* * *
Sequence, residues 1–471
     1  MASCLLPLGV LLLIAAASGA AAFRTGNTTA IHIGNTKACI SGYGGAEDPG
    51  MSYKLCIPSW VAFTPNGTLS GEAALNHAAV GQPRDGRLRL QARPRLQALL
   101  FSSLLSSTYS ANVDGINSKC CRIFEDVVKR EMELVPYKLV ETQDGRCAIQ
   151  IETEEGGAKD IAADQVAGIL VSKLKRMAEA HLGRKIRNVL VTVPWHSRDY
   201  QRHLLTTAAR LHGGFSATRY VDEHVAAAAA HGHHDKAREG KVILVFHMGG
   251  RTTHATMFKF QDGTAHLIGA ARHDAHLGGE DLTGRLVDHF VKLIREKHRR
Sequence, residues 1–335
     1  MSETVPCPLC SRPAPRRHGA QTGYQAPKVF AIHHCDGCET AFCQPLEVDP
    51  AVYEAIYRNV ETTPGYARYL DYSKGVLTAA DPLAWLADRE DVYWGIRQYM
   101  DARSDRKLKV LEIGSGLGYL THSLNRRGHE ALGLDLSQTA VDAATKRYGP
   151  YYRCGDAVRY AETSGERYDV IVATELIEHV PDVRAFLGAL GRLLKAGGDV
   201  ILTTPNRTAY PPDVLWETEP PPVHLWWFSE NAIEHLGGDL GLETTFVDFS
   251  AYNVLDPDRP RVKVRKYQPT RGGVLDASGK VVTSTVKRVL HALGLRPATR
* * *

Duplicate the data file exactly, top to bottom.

Sequence, residues 1–471
     1  MASCLLPLGV LLLIAAASGA AAFRTGNTTA IHIGNTKACI SGYGGAEDPG
    51  MSYKLCIPSW VAFTPNGTLS GEAALNHAAV GQPRDGRLRL QARPRLQALL
   101  FSSLLSSTYS ANVDGINSKC CRIFEDVVKR EMELVPYKLV ETQDGRCAIQ
   151  IETEEGGAKD IAADQVAGIL VSKLKRMAEA HLGRKIRNVL VTVPWHSRDY
   201  QRHLLTTAAR LHGGFSATRY VDEHVAAAAA HGHHDKAREG KVILVFHMGG
   251  RTTHATMFKF QDGTAHLIGA ARHDAHLGGE DLTGRLVDHF VKLIREKHRR
Sequence, residues 1–335
     1  MSETVPCPLC SRPAPRRHGA QTGYQAPKVF AIHHCDGCET AFCQPLEVDP
    51  AVYEAIYRNV ETTPGYARYL DYSKGVLTAA DPLAWLADRE DVYWGIRQYM
   101  DARSDRKLKV LEIGSGLGYL THSLNRRGHE ALGLDLSQTA VDAATKRYGP
   151  YYRCGDAVRY AETSGERYDV IVATELIEHV PDVRAFLGAL GRLLKAGGDV
   201  ILTTPNRTAY PPDVLWETEP PPVHLWWFSE NAIEHLGGDL GLETTFVDFS
   251  AYNVLDPDRP RVKVRKYQPT RGGVLDASGK VVTSTVKRVL HALGLRPATR